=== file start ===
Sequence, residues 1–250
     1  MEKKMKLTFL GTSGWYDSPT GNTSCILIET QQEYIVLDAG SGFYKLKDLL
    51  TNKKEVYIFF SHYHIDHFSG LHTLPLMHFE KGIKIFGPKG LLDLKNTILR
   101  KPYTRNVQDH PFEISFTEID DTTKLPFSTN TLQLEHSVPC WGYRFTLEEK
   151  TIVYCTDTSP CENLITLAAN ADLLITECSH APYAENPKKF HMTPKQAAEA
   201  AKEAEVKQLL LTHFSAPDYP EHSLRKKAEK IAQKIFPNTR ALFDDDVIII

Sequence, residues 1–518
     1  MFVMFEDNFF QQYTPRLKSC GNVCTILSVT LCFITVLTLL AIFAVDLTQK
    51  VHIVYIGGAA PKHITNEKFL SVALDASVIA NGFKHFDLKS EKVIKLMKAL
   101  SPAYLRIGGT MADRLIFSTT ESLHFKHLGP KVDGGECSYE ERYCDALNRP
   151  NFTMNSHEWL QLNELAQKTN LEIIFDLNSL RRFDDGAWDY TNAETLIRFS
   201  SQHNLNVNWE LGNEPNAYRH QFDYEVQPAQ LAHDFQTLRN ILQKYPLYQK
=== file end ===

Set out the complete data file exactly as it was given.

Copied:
Sequence, residues 1–250
     1  MEKKMKLTFL GTSGWYDSPT GNTSCILIET QQEYIVLDAG SGFYKLKDLL
    51  TNKKEVYIFF SHYHIDHFSG LHTLPLMHFE KGIKIFGPKG LLDLKNTILR
   101  KPYTRNVQDH PFEISFTEID DTTKLPFSTN TLQLEHSVPC WGYRFTLEEK
   151  TIVYCTDTSP CENLITLAAN ADLLITECSH APYAENPKKF HMTPKQAAEA
   201  AKEAEVKQLL LTHFSAPDYP EHSLRKKAEK IAQKIFPNTR ALFDDDVIII

Sequence, residues 1–518
     1  MFVMFEDNFF QQYTPRLKSC GNVCTILSVT LCFITVLTLL AIFAVDLTQK
    51  VHIVYIGGAA PKHITNEKFL SVALDASVIA NGFKHFDLKS EKVIKLMKAL
   101  SPAYLRIGGT MADRLIFSTT ESLHFKHLGP KVDGGECSYE ERYCDALNRP
   151  NFTMNSHEWL QLNELAQKTN LEIIFDLNSL RRFDDGAWDY TNAETLIRFS
   201  SQHNLNVNWE LGNEPNAYRH QFDYEVQPAQ LAHDFQTLRN ILQKYPLYQK